One of the lessons from the Satyagraha and freedom struggle is that law seeking biometric identification of Asians must be resisted. There is a logical compulsion for the Supreme Court to factor in this part of our history.

It must also be factored in that in South Africa, both Indians and Chinese were required by law to register their presence in the Transvaal by giving their fingerprints and carrying their passes. In response to such legal requirement, Gandhi encouraged Indians and Chinese to burn their passes. By this yardstick, it emerges that no political party In India qualifies to be deemed an opposition party unless they burn, boycott or bury the scheme that issues biometric identification slips carrying unique identification (UID)/Aadhaar numbers.   

It appears that the Chinese have remembered their historical lessons not only from their subjugation through opium wars but also how as community of shared fate they had opposed finger printing together with Indians in South Africa. Dr. M Vijayanunni, former Census Commissioner and Registrar General of India underlined other reasons for China giving up a similar exercise on Rajya Sabha TV on February 2, 2013. Indians on the other hand appear to be addicted to forgetting lessons of their consistent defeats (in the battle fields and off the battle fields).

Among the defeats of Indians, the date of June 23, 1757 stands out. At page no. 502 of his book Imagining India, Nandan Nilekani provides ‘A Time Line of Key Events’ in India. Under the title ‘Seeds’ the first date he mentions is 1757. He describes the event of the year saying, “The Battle of Plassey, where Robert Clive, commander of the (English) East India Company’s army and renegade (he would later be tried in Britain for looting Bengal treasury) overthrows the Nawab of Bengal. It is a battle won through both money –bribing the Nawab’s loyalists- and the military.”

It seems that acting like a modern day Clive, Nilekani has managed to somehow take the heads of key political parties, their beneficial owners and their loyalists into confidence. Court’s verdict on UID/Aadhaar is likely to decide whether Clive and his loyalists will win once again or not.  

By 1750, the Indian empire was in a state of collapse as a result of a permission given by Indian Emperor Jahangir to an Ambassador of English Emperor King James for setting up of a base by English East India Company in Surat, Gujarat in 1615. By 1690, this company had factories all along the West and East coasts of India with the main centres at Madras, Calcutta and Bombay. The company started to protect its trade with its own armies and navies.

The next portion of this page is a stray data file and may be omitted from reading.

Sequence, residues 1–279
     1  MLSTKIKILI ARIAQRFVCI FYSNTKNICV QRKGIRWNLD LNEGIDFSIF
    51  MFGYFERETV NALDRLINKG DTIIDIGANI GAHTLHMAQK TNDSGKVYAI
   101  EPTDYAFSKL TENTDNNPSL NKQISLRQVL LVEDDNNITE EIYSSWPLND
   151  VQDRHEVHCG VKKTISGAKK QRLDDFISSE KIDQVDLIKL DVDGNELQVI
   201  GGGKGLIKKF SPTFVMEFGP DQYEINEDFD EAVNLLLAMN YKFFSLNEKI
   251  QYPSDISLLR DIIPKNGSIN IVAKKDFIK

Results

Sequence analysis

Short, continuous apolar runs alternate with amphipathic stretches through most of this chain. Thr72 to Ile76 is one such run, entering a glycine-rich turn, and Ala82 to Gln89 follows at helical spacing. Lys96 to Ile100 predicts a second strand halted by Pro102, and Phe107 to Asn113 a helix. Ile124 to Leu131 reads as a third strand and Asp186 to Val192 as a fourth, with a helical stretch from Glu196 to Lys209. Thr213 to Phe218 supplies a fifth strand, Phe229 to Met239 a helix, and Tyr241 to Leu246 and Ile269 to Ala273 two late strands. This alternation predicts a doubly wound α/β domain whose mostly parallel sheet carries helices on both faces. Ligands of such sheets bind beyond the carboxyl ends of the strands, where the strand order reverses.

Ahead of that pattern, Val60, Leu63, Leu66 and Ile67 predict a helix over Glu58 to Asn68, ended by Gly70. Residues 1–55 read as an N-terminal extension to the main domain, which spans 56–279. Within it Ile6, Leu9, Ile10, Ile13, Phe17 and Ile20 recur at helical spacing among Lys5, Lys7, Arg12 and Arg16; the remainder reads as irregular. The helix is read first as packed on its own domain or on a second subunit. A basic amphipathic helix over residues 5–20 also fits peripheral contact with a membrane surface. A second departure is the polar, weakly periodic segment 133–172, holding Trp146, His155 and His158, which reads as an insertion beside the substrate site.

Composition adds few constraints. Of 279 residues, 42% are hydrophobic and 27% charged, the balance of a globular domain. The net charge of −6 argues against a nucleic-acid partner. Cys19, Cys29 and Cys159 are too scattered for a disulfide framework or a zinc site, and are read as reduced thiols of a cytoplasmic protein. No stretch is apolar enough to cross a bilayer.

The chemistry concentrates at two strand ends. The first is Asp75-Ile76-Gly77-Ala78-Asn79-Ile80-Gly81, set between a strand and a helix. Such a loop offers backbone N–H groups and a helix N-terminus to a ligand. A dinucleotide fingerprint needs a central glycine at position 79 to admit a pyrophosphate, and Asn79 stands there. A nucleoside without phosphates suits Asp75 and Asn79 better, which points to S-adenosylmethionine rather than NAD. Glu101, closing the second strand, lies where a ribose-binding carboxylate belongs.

History repeats itself in simple ways. Capt Raghu Raman, who was the Chief Executive Officer (CEO) of National Intelligence Grid (NATGRID), Union Ministry of Home Affairs had proposed creation of private territorial armies by commercial czars in his earlier incarnation with Mahindra Special Services Group as part of his previous work titled “A Nation of Numb People”. But the State seems to have gone ahead and has started providing Central Industrial Security Force (CISF), world’s biggest industrial security force to the commercial czars on rent. At this rate how long will it take for the commercial czars to hire Indian Army, Navy and Air Force? In any case they are hiring them post retirement or poaching them in their pre-retirement phase itself. The publications of industry associations have pointed out that NATGRID and UID/Aadhaar are linked. Unless the Supreme Court is alive to the writing the writing on the wall its ramifications are bound to unfold and make their democratic rights redundant.     

The Court may recollect that Indians were taken into “uncharted waters” by unelected persons. UID-aadhaar and related schemes are meant to engineer the electoral system for good. 

The surveillance regime based on UID/Aadhaar is rewriting the political geography of the country by employing biometric and other intrusive automatic identification technologies. The resident numbering project took citizens for a ride by promising that the UID/Aadhaar is voluntary. Such deception ended up coercing people through rules and orders by denying services. In a reply to RTI query, UIDAI replied "There is no way of verifying the country of origin of the companies" when asked about the involvement of transnational companies as contractors. It indulged in fibbing. The fact is that UIDAI has been hiding the details of these contractors who are linked to foreign intelligence firms and agencies.

Disclosures and revelations widely reported underline how these technologies have put even heads of governments reveal that there is paucity of capacity to monitor or regulate these technologies within the Government. If this is the plight of the governments and technologically challenged political class, the threat for citizens can easily be understood.